The first is of a shepherd. Just as sheep don’t need to worry about their needs, or try to provide for themselves, God’s people can trust that God has all their needs in hand.
And this isn’t just a nice saying that isn’t grounded in reality. When the Israelites were in the wilderness for forty years, God catered for all of their needs (Deuteronomy 2:7).
God’s provision for his people is a source of rest, and reinvigoration. He leads them to rest, provides them water for their first, and even guards their souls, leading them in righteousness.
The psalm then looks at the forces of darkness and death and points out that even those carry no power before God. His people need not fear these things because God will protect and comfort them.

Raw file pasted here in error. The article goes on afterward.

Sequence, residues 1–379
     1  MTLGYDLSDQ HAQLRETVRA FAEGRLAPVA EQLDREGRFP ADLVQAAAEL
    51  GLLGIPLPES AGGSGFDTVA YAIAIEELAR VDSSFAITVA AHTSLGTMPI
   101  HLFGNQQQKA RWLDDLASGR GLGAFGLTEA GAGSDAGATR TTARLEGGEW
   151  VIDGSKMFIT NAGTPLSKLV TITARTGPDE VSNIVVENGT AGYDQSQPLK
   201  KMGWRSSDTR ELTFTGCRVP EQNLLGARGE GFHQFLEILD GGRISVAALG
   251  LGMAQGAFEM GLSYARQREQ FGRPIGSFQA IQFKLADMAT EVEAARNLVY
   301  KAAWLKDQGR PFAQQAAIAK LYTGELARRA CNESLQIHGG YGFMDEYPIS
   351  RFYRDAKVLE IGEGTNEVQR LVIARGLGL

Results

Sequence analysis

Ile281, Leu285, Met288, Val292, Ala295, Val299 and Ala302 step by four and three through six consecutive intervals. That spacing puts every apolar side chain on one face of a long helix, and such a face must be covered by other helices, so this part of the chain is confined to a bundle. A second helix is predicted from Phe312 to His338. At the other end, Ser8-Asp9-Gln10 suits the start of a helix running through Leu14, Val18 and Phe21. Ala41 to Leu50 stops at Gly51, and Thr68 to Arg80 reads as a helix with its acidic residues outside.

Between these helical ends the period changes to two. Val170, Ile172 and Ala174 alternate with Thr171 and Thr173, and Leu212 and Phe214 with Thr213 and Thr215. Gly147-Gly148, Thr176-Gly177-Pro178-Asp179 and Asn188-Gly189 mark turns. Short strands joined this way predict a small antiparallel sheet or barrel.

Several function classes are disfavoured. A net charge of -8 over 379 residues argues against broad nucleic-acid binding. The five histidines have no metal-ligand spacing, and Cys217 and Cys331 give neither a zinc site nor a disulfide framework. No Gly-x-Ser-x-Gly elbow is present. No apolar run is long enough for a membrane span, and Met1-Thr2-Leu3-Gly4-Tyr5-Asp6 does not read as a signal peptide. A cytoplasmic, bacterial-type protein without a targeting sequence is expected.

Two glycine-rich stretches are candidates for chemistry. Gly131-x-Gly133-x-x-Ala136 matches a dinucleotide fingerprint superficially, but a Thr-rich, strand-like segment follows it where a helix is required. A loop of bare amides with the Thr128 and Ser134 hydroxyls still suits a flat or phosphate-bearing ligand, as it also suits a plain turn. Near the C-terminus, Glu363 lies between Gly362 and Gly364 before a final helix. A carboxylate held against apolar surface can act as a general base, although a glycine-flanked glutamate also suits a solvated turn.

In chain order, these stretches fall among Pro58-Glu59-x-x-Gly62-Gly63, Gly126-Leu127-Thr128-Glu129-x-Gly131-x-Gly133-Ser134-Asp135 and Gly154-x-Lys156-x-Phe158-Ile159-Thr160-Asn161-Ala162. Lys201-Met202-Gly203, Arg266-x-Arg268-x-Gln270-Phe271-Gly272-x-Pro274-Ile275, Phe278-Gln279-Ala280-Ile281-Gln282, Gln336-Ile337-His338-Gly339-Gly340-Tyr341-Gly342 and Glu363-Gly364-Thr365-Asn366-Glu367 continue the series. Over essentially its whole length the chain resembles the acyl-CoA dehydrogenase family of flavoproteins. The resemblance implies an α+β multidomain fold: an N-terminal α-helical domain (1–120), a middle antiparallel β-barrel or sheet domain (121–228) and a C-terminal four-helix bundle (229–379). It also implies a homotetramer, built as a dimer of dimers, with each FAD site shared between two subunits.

Which leads us to our second metaphor, a generous host. God invites his people into his presence and creates space for them. Even when it feels like they are surrounded by enemies, God is still there providing for them.
But the greatest gift is not God’s provision, but his presence. The psalmist ends, grateful that they are allowed to dwell in God’s presence.
Anything you think I've missed? Maybe you've got a question that still needs answering. Send me a message over on my Instagram (@brynjoslin). I'd love to talk it through with you some more.
As we read though God making a covenant with Israel, the guys at BibleProject shows us how the theme of covenants plays out throughtout the Bible.